Turkey in final referendum push as jihadists detained

Stuart WILLIAMS and Fulya OZERKAN
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Turkish President Recep Tayyip Erdogan gives a speech on April 12, 2017 in Istanbul, pushing for a "yes" vote in the upcoming referendum on whether to change the current parliamentary system into an executive presidency

Turkish President Recep Tayyip Erdogan Friday made a final push for votes in a referendum on expanding his powers, as the authorities said they had foiled a possible jihadist plot against the poll.

Opinion polls -- usually treated with caution in Turkey -- have predicted a tight outcome on Sunday despite the considerable advantages of the 'Yes' campaign in both airtime and campaign resources.

The referendum will take place under a state of emergency that has been in place since last summer's failed coup, which has seen some 47,000 arrested in the biggest crackdown in Turkey's history.

Analysts regard the referendum as a crossroads in the modern history of the country that will affect not just the shape of its political system but also its relations with the West.

"April 16 will be a historic turning point," Erdogan told a rally in Konya, the Anatolian city seen as the heartland of conservative supporters who have benefited from his rule.

The referendum is taking place after a bloody year of terror attacks in Turkey blamed on jihadists and Kurdish militants.

Adding to security concerns, police detained five suspected Islamic State jihadists in Istanbul accused of planning a "sensational" attack targeting the weekend referendum.

Authorities on Tuesday detained another 19 suspected IS supporters in the Aegean city of Izmir, accused of planning to sabotage the vote.

In the latest issue of its Al-Naba magazine, IS called for attacks on polling stations in Turkey.

- Last-minute spat -

If the new system is passed, it will abolish the office of prime minister, enabling the president to centralise all state bureaucracy under his control and also to appoint cabinet ministers.

Supporters see the new system as an essential modernisation step for Turkey to streamline government but opponents fear it risks granting Erdogan authoritarian powers.

Erdogan in an earlier television interview expressed confidence the new presidential system would be approved, saying there were no longer undecided voters.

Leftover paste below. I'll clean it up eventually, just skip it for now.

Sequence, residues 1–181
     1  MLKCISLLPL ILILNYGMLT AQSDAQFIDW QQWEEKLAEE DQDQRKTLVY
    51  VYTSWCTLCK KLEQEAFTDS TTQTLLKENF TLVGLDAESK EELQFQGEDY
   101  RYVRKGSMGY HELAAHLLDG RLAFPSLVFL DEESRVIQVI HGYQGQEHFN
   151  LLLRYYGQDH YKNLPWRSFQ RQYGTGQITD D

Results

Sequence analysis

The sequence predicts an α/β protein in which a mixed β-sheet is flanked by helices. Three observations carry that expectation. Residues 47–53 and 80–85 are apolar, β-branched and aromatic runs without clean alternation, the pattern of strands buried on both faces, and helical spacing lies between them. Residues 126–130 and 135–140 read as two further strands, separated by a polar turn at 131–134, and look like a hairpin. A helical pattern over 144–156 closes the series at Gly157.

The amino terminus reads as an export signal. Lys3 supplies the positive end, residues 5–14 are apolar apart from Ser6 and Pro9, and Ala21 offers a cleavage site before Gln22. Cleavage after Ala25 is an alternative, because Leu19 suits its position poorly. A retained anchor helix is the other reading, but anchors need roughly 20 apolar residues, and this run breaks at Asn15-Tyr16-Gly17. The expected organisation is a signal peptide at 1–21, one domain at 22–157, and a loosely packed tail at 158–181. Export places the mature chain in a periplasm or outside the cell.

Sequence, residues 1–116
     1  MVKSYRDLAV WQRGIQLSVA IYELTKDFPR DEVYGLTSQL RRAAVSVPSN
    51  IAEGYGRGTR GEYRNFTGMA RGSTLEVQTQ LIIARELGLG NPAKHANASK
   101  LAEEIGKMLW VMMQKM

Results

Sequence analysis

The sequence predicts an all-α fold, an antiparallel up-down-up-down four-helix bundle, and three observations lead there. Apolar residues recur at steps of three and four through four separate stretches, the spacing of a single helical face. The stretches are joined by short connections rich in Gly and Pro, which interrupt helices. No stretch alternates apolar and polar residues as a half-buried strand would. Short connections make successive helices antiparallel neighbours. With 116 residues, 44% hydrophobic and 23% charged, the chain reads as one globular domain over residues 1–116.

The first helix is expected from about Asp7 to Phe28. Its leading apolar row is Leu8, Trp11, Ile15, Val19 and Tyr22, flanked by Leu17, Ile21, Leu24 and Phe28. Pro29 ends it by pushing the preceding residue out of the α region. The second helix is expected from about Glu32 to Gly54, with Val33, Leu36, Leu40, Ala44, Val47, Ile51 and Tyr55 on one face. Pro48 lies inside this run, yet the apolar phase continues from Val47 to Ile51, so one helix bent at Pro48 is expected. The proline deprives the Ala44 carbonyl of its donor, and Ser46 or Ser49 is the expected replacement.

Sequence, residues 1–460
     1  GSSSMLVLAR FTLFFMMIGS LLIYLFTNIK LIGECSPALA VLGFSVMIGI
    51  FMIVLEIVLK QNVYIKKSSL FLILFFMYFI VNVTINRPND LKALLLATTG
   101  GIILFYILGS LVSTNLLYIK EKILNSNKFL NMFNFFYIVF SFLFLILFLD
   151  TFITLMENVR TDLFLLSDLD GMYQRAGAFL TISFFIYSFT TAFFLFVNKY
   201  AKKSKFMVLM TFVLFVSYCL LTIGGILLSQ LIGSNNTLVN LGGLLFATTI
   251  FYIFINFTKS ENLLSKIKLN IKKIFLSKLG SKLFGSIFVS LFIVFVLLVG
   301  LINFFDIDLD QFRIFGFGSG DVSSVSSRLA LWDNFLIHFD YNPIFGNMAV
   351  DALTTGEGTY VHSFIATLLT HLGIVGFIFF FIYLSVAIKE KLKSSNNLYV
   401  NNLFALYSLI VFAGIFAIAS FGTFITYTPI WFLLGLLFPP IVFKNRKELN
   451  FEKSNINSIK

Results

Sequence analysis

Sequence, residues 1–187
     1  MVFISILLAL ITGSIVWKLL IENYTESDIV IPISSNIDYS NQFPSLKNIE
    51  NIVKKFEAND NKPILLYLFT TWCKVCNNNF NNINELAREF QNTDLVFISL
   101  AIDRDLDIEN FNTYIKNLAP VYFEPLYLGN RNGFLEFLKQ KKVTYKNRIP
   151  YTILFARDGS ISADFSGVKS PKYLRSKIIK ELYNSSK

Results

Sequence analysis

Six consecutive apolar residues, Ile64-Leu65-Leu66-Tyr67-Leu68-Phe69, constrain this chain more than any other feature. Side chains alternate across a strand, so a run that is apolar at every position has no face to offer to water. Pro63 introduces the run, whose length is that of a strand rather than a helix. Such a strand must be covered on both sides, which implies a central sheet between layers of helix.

"'Yes' has gone up considerably, while 'No' has gone down," he said.

A poll by the Konda group showed 'Yes' ahead at 51.5 percent but the Sonar group has projected a 'No' vote of 51.2 percent, and with other polling companies producing different figures the outcome remains uncertain.

But while Erdogan has appeared confident and relaxed at his last campaign rallies, he reacted quickly to stamp out a last-minute spat with his main political ally in implementing the plan, the Nationalist Movement Party (MHP).

An advisor to Erdogan, Sukru Karatepe, suggested this week Turkey could form a federal system if 'Yes' won in a move that would be an anathema to the nationalists as it may imply the creation of a Kurdish region in the east.

MHP leader Devlet Bahceli quickly responded saying he would dismiss any advisor of his if they made similar remarks. MHP votes are crucial to the ruling Justice and Development Party (AKP) in pushing through the new system.

"I always have been and will always be the biggest supporter and biggest defender of Turkey's unitary structure," said Erdogan, adding that concerning a federal system "none of this is on our agenda".

The leader of the opposition Republican People's Party (CHP) Kemal Kilicdaroglu has called for a 'No' vote, arguing there was too much uncertainty over the consequences of the new system.

"We will together write a legend of democracy (on Sunday) because our questions have been left unanswered," he told reporters in Istanbul.

- UN raps Turkey -

Erdogan has raised hackles in the West throughout the campaign with his repeated denunciations of the European Union, which Turkey has sought to join for the last half century.

Ahead of the vote, UN experts accused Turkey of "massive violations" of the right to education and work, citing figures suggesting that since the emergency was declared, some 134,000 public servants had been dismissed.

The dismissals "cannot be justified by reference to Turkey?s longstanding international human rights obligations," said four UN special rapporteurs in a statement.

However, Turkey's foreign ministry rejected the "political statement", adding it would diminish the value of the UN mechanisms.

Campaigning is allowed until 6:00 pm (1500 GMT) on Saturday and voting in the country's east gets under way at 7:00 am (0400 GMT) on Sunday and an hour later elsewhere.

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